He said our school systems should also be doing a better job on Special Ed and ESL (English as a Second Language). “We need to provide more federal funding for Special Ed. They haven’t yet met their commitment. Special Ed kids should be able to work to their full capacities. ...The federally run Race to the Top has some good incentives, but has supplanted some old problems with some new ones. ... Yes, we have to measure what works, but we need less testing of students. What we need is more teachers and better programs. We need to give teachers more latitude. When I taught, I was always in trouble for pushing the envelope. But students want their teachers to be leaders. ...The funds we put into education are not costs, they are the best kind of investment.”
Pascrell, who visited Afghanistan last year, is well-versed in foreign policy as well. “We can’t become isolationists, either diplomatically or militarily. No one is considering the possibility of reducing our commitments to Israel, but we are now building alliances with Muslim countries to help us achieve our goals.... and as far as Turkey is concerned, they need to get smart, and improve relations with Israel. But we are learned from our military interventions in Iraq and Afghanistan, and we should not rush into Syria militarily before our intelligence agencies determine what kind of government each group there is fighting for. The president has the right approach, supplying only certain rebels with certain arms.”
But Pascrell never gave a “rubber stamp” to any of the president’s decisions. “We are not going to commit troops to Syria. You can bet on that. I would not be surprised if we could get the Russians to melt a little to permit a no-fly zone.”
Concerning Israel more directly, he said “There is hope for a two-state solution. We are closer than we have been in 13 years.” At Camp David, Yasser Arafat walked away because he was looking over his shoulder, fearing that he could not sell such a deal to his people or his allies and would be shot. Just before Arafat died, Pascrell went to meet him with a delegation of Jewish colleagues as witnesses. The Congressman was vilified by some Jewish organizations for meeting with Arafat in the first place, and was picketed by Arab-Americans for not protesting the Israeli settlements in the second. “If you’re pissing off both sides, you must be doing something right,” he said. The big problem is the cultural divide. “Not understanding the local culture is what got us into trouble in Vietnam. And calling for elections in Gaza got us Hamas control of the Strip.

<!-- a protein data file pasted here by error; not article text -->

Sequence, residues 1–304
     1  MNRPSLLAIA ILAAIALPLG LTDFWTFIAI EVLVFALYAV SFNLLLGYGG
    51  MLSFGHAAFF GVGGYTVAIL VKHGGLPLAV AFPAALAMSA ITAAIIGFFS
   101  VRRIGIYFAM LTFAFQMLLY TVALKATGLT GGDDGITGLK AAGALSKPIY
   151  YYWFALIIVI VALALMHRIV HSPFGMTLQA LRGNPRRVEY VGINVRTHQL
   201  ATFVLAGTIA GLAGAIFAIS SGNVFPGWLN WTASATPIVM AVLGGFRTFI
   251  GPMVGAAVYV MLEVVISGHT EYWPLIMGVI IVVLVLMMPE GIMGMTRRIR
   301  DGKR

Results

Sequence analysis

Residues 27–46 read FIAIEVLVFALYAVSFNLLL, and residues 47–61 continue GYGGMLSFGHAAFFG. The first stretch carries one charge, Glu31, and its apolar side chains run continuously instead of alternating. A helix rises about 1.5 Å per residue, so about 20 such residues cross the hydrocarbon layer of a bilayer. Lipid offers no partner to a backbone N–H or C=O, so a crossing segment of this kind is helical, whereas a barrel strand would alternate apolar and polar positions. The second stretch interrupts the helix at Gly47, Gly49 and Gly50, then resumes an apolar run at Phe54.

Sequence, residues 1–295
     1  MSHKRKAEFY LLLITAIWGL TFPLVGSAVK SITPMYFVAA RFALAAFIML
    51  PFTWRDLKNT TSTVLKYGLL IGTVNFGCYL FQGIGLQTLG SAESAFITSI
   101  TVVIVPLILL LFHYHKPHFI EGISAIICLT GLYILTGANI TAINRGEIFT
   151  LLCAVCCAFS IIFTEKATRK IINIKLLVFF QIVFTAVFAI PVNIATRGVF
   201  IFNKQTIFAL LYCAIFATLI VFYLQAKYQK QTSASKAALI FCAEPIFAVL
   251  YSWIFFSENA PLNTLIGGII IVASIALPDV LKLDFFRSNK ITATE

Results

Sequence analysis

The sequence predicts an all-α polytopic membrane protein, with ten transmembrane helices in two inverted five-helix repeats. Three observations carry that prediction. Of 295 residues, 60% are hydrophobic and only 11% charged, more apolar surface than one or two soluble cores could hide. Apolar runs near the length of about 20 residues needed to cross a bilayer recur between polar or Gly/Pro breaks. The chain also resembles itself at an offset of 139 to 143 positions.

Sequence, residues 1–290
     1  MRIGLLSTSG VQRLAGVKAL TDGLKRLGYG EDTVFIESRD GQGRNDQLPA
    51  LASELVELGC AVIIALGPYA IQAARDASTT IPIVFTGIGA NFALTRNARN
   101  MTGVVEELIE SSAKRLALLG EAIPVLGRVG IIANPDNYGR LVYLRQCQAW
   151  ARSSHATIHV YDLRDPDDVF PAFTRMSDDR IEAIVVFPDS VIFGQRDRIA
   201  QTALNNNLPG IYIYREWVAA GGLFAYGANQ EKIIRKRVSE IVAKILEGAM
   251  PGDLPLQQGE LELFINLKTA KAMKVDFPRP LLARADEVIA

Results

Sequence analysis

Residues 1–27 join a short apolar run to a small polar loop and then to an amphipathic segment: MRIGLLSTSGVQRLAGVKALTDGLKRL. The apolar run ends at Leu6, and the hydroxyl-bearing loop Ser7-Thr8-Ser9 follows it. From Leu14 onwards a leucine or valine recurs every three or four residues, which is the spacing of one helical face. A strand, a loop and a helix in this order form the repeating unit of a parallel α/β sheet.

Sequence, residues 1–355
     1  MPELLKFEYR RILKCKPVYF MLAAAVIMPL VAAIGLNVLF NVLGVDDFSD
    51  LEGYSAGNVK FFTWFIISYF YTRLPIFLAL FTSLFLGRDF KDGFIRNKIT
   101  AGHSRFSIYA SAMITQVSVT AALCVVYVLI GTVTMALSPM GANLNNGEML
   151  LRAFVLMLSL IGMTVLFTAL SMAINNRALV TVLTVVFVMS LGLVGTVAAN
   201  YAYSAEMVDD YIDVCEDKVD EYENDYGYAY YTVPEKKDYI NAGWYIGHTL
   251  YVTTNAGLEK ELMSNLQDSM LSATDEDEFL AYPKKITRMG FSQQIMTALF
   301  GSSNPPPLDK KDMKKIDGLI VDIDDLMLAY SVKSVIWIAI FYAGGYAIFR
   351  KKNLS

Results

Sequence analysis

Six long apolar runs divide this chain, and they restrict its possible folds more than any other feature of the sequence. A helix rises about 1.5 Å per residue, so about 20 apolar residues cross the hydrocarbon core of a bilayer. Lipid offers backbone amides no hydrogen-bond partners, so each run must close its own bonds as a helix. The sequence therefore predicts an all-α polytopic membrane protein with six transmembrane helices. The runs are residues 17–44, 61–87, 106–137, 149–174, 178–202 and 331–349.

“International terrorism has caused a significant shift in our need to be prepared. We are no longer defending ourselves from one country at a time, but from a multitude of widespread groups. Intelligence gathering is vital to our ability to defend ourselves. But, I voted in the minority to limit the NSA. We are on a slippery slope. While the NSA was briefing members of the intelligence oversight committees, there were no adequate briefings for regular congressmen.” The FISA Court, he says is suspect. While it is supposed to be independent, it consists entirely of Republicans, and they approve almost all warrants presented to them. Hopefully we can get some good legislation to correct these problems.”
Asked about security measures in his Northern New Jersey, Pascrell said we have extraordinary needs because the area contains many high-profile targets. “One of my priorities is to get funds for the Port Authority police and state troopers, to protect our bridges and tunnels, our large oil and gas tanks in places like Elizabeth, and our many chemical plants. It took some time to convince the chemical companies to invest in adequate precautions, but, kicking and screaming, they have come along.
“Crime may not come up as a top priority in polls, but the lack of jobs, health costs, and crime are eating away at our society. And we need a no-holds barred conversation about each of them. I have to put triple locks on my doors while we are pouring huge sums into Homeland Security rather than fighting domestic violence and other crimes. We have gangs running parts of many cities. The violence and crime problems in our suburbs are extraordinary and growing. We have not allocated the resources needed to deal with these problems. Local police forces have been slashed all over the state, and I don’t see anything on the federal or state level to adequately face up to the problem.
And when the Congressman was asked why are we afraid to put white-collar criminals in jail, he said, “Because we’re Chicken with a capital C! We’re afraid that the big banks and other financial institutions are too big to fail. “I don’t want to run Wall Street, I just want them to play fair with the people. We have to treat everyone equally. America is for everybody.”
By Stephen Tencer Special to JLBC